Today at 12:30, the board will be asked to “RIF” even more employees – including an additional 250 teachers. Atkinson has already admitted to reducing nearly 600 teachers through ‘attrition’ – so looks like we will be losing close to 850 teachers – as well as 120 more parapros — even though the public statement is ‘we have not cut teachers’.
Item D.1 on the agenda of the School Board’s Called Meeting for today (7/11/2012) at 12:30 PM:
Pursuant to Board of Education Policy GBKA (Personnel Lay-Off), it is requested that the Board of Education approve a Reduction in Force Plan to not exceed 120 paraprofessional positions and 250 teacher positions as a result of the FY2013 approved Budget. This action is necessary due to a 2 student increase in class sizes and the restructuring of the Pre-Kindergarten program.
This is in addition to the cuts below approved at the last meeting:
- The property taxes in DeKalb county were raised by one full millage point.
- All employees are subject to 2 more furlough days on top of the already scheduled furlough days.
- 70 more people in the central office will lose their job
- Pre-k programs will be reduced to only what the state funds provide
- 52 magnet teachers will lose their magnet job
- 28 Montessori teachers will lose their magnet job
- Transportation to special programs: DECA, magnet, themes AMS and STT remains unchanged
- Transportation for field trips will be cut by $1.6 million
- Additional transportation (efficiency plan) will be cut $700,000
- 200 general ed parapros will lose their jobs
- 25 media specialists will lose their jobs
- 29 (all remaining) media clerks will lose their jobs
- 10 SROs will lose their jobs
- Overtime pay for extra activities will be reduced by $5 million
- Fernbank will have to cut $1.9 million from its programs budget
- 10 Asst Principals lost through attrition will not be replaced
- 10 counselors lost through attrition will not be replaced
- 20 interpreters will lose their jobs
- The summer work schedule is reduced to 4 – 10 hour days
- Employees will have to subsidize health insurance by an additional $35.57/month
- Employees will have to subsidize dental insurance by an additional $16.02/month
- Regular Ed Class sizes will increase by 2
- Special Ed Class sizes will increase by 2
Below is the original Excel spreadsheet with all of the columns expanded.
Also, we are unable to get a true handle on exactly how many central office staff have been cut. Many of the magnet teachers and maintenance workers were considered CO staff, and were moved out from under the CO budget into other budgets. We cannot tell if the administration has performed the cuts recommended by the study commissioned last fall. Results were released in January. Some of the documents can be found under our Facts & Sources tab. The AJC report is below:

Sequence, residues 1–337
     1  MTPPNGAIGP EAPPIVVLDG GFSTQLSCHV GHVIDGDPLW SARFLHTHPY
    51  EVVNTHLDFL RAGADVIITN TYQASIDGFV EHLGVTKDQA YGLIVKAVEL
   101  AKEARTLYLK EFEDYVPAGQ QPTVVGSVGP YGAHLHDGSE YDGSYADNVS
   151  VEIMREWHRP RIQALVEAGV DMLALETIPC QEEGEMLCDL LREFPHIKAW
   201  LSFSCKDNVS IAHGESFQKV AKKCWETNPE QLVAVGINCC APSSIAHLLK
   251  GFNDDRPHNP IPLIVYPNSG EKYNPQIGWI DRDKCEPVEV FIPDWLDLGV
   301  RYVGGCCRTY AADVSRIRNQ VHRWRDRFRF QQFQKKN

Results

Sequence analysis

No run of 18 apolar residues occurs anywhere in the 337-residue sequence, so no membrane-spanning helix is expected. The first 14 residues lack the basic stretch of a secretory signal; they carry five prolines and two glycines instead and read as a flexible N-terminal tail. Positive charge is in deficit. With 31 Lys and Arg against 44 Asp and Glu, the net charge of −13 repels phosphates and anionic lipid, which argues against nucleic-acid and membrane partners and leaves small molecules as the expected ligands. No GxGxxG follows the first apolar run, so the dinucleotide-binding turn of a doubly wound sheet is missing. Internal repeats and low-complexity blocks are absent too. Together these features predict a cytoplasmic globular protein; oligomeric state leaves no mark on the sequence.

But then, here’s the part we don’t get. We downloaded the QBE allocations for DeKalb from the State. Click on the graphic to view the allotments and print it out.
According to this document, we have been allocated funding for 6,002.42 teachers. How many do we have now that about 850 have been cut? We have been allocated funding for 153.66 subject specialists (also teachers), 191.84 counselors, 88.45 tech specialists, 168.51 Media Center personnel, 46.57 special ed leaders, 39.30 psychologists, 39.30 VT/SW (not sure what that is), 194.31 secretaries, 154.97 assistant principals, 133.00 principals, 6 assistant superintendents, 1 accountant and 1 superintendent.
The state allocates $350,075,523 for direct instruction (teachers), $8,212,359 for central office, $19,379,838 for school administration, and $22,896,304 for facility maintenance (an area we get punished for by the state for having too many unused seats/buildings/small schools). This is all just money from the state QBE formula. The local contribution adds more and then there is an additional $30-50 million in Title 1, depending on who you talk to.
So the state, after calculating what they determine DeKalb should be allotted as described above, then subtracted $63,865,717 in what is known as an ‘austerity cut’*, and sent DeKalb $351,419,912 plus $4,477,864 for pupil transportation (327 drivers), and $1,640,516 for nurses, for a grand total of $357,538,292. [*It is up to local taxpayers to make up the difference in what the state does not fund or chooses to cut from calculated funding.]
As one blogger pointed out in the comments at the AJC blog, why is it that the administration seems bent on sticking to state funding when it comes to parapros and media specialist (which we think may now have dipped below funded levels) but not when it comes to transportation?
Like we have said several times, school system leaders should build a system from scratch. Begin with these state allocations as the bare bones minimum and then see what you can afford to add given the local and federal funds. We will be following up after these cuts to ensure that at the very least, the above stated funding from the state is carried out completely as it is the state that apparently funds the classroom.